TIO NYC: Two More Exciting Shows!

TIO NYC: Two More Exciting Shows!

Still on an East Coast cultural roller coaster ride full of thrills (but no spills to date), we were privileged to see two more exciting shows: Faith Ringgold’s “American People” at the New Museum and Jamie Lloyd’s “Cyrano de Bergerac” at the Brooklyn Academy of Music.

Go here for more about New York happenings.

Faith Ringgold, “American People,” at the New Museum through June 5.

Faith Ringgold (1930) is an activist, painter, writer, speaker, mixed-media sculptor, performance artist, author– she has written 17 children’s books – teacher and parent. Processed through the filter of the Black experience in America and her African heritage, Ringgold’s inspiring, often humorous, always incisive take on the human condition is now on display at New York’s New Museum.

The sprawling tribute to the 91-year-old iconic talent mines about 60 years of paintings, sculptures, performance art, and iconic story quilts, which collectively put Ringgold’s world view into high relief. The show is the most comprehensive presentation of this major artist’s output to date.

As the exhibition illustrates, Ringgold’s art and activism are inextricably bound. Her work confronted prejudice directly and makes political statements using the shock value of racial slurs within an image to highlight the ethnic tension, political unrest, and the race riots of the 1960s and 1970s, palettes and geometries adapted from sources as varied as African Bakuba textiles and the paintings of Ad Reinhardt. Each piece provides crucial insight into perceptions of white culture by African Americans – and vice versa. For example, the “stripes” is one painting spell out the slur “nigger.”

A story quilt titled “Tar Beach”  features an urban rooftop commonly used as a place to escape the oppressive heat of an inner city without air-conditioning. Adults visit while kiddos play or sleep on blankets. A daughter dreams of flying freely over all barriers, represented by the George Washington bridge in the background.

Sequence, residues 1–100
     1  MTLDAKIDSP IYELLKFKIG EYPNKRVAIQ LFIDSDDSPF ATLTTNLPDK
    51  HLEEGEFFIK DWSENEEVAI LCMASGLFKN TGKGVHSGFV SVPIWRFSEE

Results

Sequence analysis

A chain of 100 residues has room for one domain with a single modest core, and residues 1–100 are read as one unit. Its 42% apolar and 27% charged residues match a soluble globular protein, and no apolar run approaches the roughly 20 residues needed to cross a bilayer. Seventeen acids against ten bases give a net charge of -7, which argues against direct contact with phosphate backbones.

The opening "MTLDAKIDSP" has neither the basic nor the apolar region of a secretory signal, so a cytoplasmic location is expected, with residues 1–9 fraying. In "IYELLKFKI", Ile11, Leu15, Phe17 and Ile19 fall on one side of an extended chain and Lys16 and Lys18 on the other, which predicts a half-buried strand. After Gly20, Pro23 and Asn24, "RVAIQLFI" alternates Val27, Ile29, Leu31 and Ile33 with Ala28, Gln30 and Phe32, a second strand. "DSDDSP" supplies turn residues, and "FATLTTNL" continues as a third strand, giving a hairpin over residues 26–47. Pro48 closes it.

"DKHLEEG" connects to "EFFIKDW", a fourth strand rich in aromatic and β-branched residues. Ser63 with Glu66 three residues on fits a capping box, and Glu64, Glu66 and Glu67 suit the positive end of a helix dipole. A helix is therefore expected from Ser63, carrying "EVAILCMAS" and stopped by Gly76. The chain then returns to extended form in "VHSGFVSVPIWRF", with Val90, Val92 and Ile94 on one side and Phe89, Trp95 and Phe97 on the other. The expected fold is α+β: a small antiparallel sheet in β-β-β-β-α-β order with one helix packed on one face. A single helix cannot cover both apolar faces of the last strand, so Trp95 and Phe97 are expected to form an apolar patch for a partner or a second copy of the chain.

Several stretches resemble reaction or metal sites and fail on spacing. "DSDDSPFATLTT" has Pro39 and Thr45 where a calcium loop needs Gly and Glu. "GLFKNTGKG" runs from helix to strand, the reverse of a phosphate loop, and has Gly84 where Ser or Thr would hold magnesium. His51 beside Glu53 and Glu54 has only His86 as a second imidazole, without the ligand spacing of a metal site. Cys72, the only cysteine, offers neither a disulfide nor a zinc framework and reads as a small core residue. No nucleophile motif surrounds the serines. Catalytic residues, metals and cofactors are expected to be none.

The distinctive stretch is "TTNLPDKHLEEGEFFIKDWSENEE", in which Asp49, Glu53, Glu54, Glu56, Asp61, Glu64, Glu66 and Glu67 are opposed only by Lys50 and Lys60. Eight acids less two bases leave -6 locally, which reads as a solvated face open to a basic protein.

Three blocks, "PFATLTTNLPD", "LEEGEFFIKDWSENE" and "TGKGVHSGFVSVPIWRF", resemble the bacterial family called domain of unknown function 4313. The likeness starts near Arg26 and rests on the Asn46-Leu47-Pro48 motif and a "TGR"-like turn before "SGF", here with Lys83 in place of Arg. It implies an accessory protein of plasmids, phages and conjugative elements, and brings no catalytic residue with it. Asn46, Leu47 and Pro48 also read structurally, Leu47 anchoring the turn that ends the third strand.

Later works deal with prejudice in a different way. They subvert its dark impact by providing young African Americans with positive role models, re-imagining, for example, hurtful racial stereotypes as strong, successful, even heroic women.

And all 13 of the artist’s magical “French Collection” quilts, which imagines the life of a fictional Black artist and model in 1920s Paris, are reunited for the first time in nearly 25 years.

Go here for more.

Director Jamie Llyod’s “Cyrano de Bergerac” at the Brooklyn Academy of Music through May 22.

Image courtesy the show.

Some like it sweet like cotton candy. Like Edmond Rostand’s “Cyrano de Bergerac,” written in 1897 and loosely based on a real character of the same name with a nose of fame.

And some like it hot like Phaal Curry. Like Martin Crimp’s rewrite of Rostand’s original, which removes the powered wigs and replaces rapiers with rap.

This sexy “Cyrano” is directed by minimalist Jamie Lloyd’s and stars James McAvoy as the poet-soldier. His take on the role is physical, fierce and feral.

In this stripped-to-the-bones revival, the nose also goes. But the character is long on eloquence.

“If the nose is in the imagination, then everything else is in the imagination. It really puts the emphasis on language,” Lloyd explained in an Observer interview.

Cyrano’s nose is, in fact, a metaphor for all our insecurities and this production an allegory of inner (Cyrano) and outer beauty (Christian). Only when the protagonist is able to get past his real flaw – insecurity – can he declare his love to Roxane (a passionate, captivating Evelyn Miller), who emerges as the arbiter of those contrasting values.

“…a character paints a sentence on the wall—‘I love words, that’s all’— which is a line Cyrano says later on in the play. That’s the defining idea of this production: the words are everything. In a world where characters are obsessed with language, the use of language can be very dazzling and exciting or it can be deceitful and damaging…,” continued Lloyd in The Observer.

The extraordinary cast is all in and full of rappers, hip-hop artists, spoken-word artists and people into slam poetry.

This Time-Out review sums up further.

No Comments

Sorry, the comment form is closed at this time.